Wednesday, February 25, 2009

Carolina Cuts Ties With Three, Restructure One

Carolina restructured Landon Johnson and cut three players - Jeremy Bridges, Nick Goings, and DJ Hackett - this week in an attempt to get under the cap. Johnson wasgiven a simple restructure, which saved as much as cutting him; it gives them aveteran backup at LB as they expect to lose veterans Donte Curry and Adam Seward infree agency. The move saves $1 million. Hackett hadn't worked out in Carolina - there were many misguided sources suggesting Hackett would start over Muhsin Muhammad; he predictably got hurt andunderperformed, but was worth signing if for no other reason than to get us through the two game suspension to Steve Smith. The team saves $1.04 million by cutting him. The other two cuts, however, were valuable backups who saved roster spots and hadearned their spots on the field. Goings, an undrafted player out of Pittsburgh, made the 2001 squad as a back, and excelled in the John Fox era with work at both fullback and running back. His 2004 performance, as a 4th string RB, turned inalmost 1000 yards (on a team that had only had two 1000 yard rushers in history atthe time) despite starting only half the year. He had elevated to Special Teams captain over the last few years. They saved $745,000 on the move, suggesting that Goings' play had finally fallen off and wouldn't be the team's top backup at FBwhile also allowing them a backup at RB. The team may be looking at finding a young backup RB who can return kicks and punts. Carolina saved $2.25 million with Bridges, the top backup at OT. With Bridges gone and Frank Omiyale a free agent, the team has its starters (All-Pro Jordan Gross and first round pick Jeff Otah) signed long term, but the team has only second-year practice squad player Geoff Schwartz at OT. The team would need to pickup at leastone additional player for depth. Locking up Geoff Hangartner does become more necessary now as well, to ensure a veteran backup presence on the OL.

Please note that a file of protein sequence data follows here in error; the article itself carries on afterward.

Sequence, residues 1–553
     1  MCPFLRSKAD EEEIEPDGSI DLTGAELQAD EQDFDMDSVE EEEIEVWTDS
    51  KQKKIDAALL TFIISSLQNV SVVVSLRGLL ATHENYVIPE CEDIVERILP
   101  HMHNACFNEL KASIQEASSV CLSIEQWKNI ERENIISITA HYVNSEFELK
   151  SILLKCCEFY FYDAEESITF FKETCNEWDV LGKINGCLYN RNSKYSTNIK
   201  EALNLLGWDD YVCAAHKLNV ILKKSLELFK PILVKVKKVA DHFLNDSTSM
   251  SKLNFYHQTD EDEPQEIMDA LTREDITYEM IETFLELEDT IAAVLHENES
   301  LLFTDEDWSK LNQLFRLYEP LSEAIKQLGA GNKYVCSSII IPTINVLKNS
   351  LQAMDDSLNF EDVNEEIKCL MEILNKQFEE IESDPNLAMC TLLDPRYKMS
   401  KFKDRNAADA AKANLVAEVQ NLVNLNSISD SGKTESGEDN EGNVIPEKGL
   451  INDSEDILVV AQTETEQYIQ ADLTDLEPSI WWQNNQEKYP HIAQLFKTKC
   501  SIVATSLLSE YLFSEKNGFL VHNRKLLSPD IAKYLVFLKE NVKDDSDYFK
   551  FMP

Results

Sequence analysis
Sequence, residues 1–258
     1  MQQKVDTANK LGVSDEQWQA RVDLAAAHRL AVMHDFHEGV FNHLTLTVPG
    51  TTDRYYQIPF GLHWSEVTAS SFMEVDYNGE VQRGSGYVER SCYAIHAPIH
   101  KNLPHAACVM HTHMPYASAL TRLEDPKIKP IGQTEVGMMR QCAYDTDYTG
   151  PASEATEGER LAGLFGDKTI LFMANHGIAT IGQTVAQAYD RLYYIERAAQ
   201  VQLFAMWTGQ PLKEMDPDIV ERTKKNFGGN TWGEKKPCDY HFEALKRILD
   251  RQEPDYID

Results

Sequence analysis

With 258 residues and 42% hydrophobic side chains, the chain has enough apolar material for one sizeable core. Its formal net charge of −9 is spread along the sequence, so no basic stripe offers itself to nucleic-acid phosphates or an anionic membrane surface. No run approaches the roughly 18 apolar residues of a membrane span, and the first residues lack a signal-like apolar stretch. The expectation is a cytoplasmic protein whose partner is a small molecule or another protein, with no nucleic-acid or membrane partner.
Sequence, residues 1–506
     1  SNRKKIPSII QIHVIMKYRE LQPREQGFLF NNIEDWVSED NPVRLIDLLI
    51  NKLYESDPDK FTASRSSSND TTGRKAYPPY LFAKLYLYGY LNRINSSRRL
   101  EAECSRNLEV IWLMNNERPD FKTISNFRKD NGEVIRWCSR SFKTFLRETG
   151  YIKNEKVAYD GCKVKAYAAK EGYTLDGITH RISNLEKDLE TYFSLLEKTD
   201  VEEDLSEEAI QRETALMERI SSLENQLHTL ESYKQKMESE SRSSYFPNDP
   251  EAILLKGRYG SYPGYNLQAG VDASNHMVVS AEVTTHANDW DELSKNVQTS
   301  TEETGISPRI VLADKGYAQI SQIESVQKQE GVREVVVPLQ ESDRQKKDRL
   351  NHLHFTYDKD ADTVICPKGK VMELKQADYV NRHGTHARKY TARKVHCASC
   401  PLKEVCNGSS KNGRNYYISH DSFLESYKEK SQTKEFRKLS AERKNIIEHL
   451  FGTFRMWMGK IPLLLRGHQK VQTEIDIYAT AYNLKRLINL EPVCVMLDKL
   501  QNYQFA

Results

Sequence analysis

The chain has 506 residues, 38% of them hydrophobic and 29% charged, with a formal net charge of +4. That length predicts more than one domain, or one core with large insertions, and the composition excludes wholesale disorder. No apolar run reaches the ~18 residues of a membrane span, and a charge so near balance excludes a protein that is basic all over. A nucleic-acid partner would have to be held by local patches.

The hard part is whether they have the money -they added enough to cover Gross and Peppers by making cuts and restructuring Johnson, but have to clear enough money for restricted free agents (roughly $4.5 million), and then would need to clear money to make any other moves. The team saved a total of $5.035 million on the moves. That, plus the $10 millionthey started with under the cap, and the $8 million saved from a scheduled guaranteeof a Chris Gamble bonus, left them with approximately $23.035 million in space, buthave to add in space for Julius Peppers' tag ($16.68 million) and Gross' contract(assumed to cost around $4.5 million against the cap).
Adding in the $4.5 million for RFA, the team needs around $2.5-3 million before they can be under the cap. They'll need to be under the cap by Friday, February 27.

Sunday, February 22, 2009


Just as a personal aside, it's funny how time flies. In 2003, 04, 05, things like the Super Bowl team, the young players added after the big game, and the big contracts signed in 2005-06 all kinda pointed toward 2008-09 as a reckoning.